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|View Poll Results: if and when you teach your children reading/writing in your language when different from environment|
|teach reading in my language before primary school in other language||2||11.76%|
|teach reading/writing in my language before primary school in other language||5||29.41%|
|teach reading in my language simultaneously with primary school teaching in other language||0||0%|
|teach reading/writing in my language simultaneously with primary school teaching in other language||2||11.76%|
|teach reading in my language after primary school teaching in other language||2||11.76%|
|teach reading/writing in my language after primary school teaching in other language||2||11.76%|
|do not actively invest in teaching my child to write/read in my language||1||5.88%|
|other (pls specify, am curious)||3||17.65%|
|Voters: 17. You may not vote on this poll|
(cross-posted in the childhood years)
My personal idea is that my child will probably be best taught right now with me at home in a playful way before the 'obligatory' part of primary school starts next year, to be really able to give him the basics of his mother's tongue.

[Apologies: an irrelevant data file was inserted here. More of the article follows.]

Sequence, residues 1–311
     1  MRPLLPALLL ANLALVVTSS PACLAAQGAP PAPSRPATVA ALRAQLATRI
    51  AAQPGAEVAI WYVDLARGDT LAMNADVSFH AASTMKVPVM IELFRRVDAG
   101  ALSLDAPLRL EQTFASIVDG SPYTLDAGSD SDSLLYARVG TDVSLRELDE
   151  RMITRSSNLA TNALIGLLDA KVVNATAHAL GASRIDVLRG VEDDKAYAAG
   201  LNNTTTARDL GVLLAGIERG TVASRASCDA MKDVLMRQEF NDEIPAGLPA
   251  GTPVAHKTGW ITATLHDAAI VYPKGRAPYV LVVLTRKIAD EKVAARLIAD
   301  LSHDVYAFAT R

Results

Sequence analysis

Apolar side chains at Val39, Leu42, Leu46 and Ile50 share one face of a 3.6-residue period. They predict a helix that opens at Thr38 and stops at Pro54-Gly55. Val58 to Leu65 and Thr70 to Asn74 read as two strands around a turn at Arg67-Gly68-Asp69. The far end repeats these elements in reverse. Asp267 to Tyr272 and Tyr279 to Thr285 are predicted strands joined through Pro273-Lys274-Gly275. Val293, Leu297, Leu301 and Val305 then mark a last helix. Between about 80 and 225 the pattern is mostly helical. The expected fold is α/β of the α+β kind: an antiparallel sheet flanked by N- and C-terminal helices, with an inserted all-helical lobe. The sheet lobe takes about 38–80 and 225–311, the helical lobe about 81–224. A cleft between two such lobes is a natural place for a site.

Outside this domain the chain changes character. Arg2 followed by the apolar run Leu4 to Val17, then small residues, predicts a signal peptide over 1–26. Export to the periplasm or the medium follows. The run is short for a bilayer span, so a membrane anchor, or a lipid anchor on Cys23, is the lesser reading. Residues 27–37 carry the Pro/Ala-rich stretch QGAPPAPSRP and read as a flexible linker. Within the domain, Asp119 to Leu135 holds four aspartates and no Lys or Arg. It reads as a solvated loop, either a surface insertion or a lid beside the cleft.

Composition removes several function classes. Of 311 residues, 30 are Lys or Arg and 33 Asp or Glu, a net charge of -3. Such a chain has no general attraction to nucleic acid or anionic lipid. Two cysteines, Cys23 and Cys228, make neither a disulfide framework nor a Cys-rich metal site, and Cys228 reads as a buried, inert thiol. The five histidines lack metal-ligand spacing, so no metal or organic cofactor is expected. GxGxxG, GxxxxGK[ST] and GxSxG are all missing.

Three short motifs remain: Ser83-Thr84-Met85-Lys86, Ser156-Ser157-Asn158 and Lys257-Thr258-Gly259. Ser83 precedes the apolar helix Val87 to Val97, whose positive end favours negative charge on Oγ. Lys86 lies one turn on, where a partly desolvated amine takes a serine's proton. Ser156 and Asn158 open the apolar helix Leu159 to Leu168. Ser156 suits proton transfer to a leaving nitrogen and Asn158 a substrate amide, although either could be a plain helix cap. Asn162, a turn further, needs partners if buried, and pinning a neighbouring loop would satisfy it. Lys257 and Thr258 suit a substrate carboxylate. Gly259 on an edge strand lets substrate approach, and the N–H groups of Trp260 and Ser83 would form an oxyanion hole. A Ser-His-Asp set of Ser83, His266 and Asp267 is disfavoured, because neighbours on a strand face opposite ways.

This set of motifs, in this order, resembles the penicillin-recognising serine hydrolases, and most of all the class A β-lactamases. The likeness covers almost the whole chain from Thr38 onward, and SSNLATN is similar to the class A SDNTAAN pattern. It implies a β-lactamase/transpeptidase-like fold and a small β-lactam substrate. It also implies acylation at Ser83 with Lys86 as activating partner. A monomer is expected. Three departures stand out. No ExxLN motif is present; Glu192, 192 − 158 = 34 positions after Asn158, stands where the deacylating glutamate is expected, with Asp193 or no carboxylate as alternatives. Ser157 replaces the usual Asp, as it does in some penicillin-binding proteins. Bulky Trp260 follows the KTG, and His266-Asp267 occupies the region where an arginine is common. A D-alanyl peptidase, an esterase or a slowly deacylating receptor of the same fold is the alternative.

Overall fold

I fear next year it also may be 'too much to handle' or learning simultaneously may mix up some things in both language learning (eg the slightly different alphabet) ?
Good for you for having a truly bilingual child. At this point, my DD speaks the majority language as her preference language, and answers in the majority language when you speak to her in it.
I think this is *extremely* common.
My SIL pretends like she doesn't understand if her LO answers in English.
I think it's really hard to keep this up (esp if you are talking to your DH in English all the time) but it totally works. SIL and BIL have the same deal as DH and I - they live in the US and their shared language is English - but they are very very good about each parent speaking to their DD exclusively in their own other languages.
As a result their DD (she is 5) speaks all three languages quite well right now (though doubtless her English will be leaping ahead of the other two soon).
I was amazed by this bc I didn't really think it was possible for a kid to pick up much of a language when they only heard it spoken by one parent. Looks like it works OK if you are really hard-core about it though, at least in the early years.
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